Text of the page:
Bridget Alsdorf: Gawkers. Art and Audience in Late Nineteenth-Century France, Princeton / Oxford: Princeton University Press 2022, 258 S., zahlr. Abb., ISBN 978-0-691-16638-4, USD 60,00
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Unlike the detached sophistication and individuality of the flâneur, badauds or gawkers, the impulsive and often fickle members of a crowd are prone to distraction and often impressionable, taking part in the urban theatrical spectacle for reasons of curiosity through to cruelty. The term "badaud" is said to originate from the work of François Rabelais in a disparaging account describing Parisians as "so stupid, so gawking, and so inherently inept", but by the nineteenth century this term had expanded to encompass those in the streets searching out forms of amusement, entertainment or reasons to gossip (3).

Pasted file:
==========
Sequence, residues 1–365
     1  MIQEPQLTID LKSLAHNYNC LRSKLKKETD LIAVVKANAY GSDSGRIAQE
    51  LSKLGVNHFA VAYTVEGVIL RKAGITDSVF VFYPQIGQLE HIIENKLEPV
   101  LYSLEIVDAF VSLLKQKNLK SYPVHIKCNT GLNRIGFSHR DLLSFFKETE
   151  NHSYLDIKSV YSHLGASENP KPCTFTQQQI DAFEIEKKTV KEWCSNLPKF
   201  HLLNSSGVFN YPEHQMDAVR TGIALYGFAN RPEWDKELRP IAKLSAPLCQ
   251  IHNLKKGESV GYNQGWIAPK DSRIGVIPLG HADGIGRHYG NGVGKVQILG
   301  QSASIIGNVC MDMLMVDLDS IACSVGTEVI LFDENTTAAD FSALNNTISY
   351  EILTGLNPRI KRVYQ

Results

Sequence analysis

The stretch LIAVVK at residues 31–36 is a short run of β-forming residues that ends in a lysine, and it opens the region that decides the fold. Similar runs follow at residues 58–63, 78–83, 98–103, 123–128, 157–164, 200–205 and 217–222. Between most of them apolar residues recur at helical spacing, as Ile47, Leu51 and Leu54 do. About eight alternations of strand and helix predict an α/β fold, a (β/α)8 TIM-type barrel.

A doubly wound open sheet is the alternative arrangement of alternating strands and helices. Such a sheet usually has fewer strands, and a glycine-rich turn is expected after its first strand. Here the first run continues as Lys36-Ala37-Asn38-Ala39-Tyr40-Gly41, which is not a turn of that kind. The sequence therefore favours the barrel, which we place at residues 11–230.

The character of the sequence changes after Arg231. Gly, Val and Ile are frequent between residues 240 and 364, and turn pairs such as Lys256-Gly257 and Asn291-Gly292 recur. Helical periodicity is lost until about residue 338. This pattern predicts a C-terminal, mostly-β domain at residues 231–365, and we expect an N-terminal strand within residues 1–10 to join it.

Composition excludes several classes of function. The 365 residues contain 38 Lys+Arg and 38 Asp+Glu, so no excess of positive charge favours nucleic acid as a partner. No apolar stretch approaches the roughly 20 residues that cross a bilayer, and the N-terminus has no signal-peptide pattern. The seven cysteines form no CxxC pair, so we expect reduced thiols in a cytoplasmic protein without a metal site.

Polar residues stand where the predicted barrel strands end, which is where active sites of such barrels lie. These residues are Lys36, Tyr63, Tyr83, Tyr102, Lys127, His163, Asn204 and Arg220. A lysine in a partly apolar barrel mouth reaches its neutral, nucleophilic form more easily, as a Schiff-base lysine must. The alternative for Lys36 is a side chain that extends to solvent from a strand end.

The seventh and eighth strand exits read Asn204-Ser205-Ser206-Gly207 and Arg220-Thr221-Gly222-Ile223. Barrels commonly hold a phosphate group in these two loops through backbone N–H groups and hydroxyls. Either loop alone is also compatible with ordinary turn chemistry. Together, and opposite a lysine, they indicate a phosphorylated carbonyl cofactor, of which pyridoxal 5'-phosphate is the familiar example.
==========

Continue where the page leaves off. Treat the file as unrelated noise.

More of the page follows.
Gawkers are present throughout the social spectrum and, according to Bridget Alsdorf, nowhere else are they better expressed in the visual arts than in the early work of Félix Vallotton: it is here that gawking urban spectators are most sharply captured and it is his fascination with the crowd that is the context in which the other artists in this book are considered. The four chapters of Gawkers are arranged by theme: "Accident" examines the mishaps of street life, "Audience" takes the theatre and theatricality as a distinctive element of the urban world, "Street Theater" observes the mostly outdoor theatrical aspect of the city, whilst "Attraction" centres on the bond between public, advertising and goods, together with their effect on artists.
Despite a lack of written records on Vallotton's political stance, it is known that his intellectual milieu was, on the whole, "far left" and in 1902 he directed his criticism towards "the police, the judiciary, banks, commerce, education, religion, and even parents" in a series of lithographs for the anarchist/socialist journal L'Assiette au beurre (2/47). In these prints troubles can simply arise from a chance encounter; by being a mere bystander the gawker becomes implicated and to a degree responsible for the scene unfolding before him. For public executions, France remained "the only nation in Western Europe still performing them at the fin-de-siècle". (53)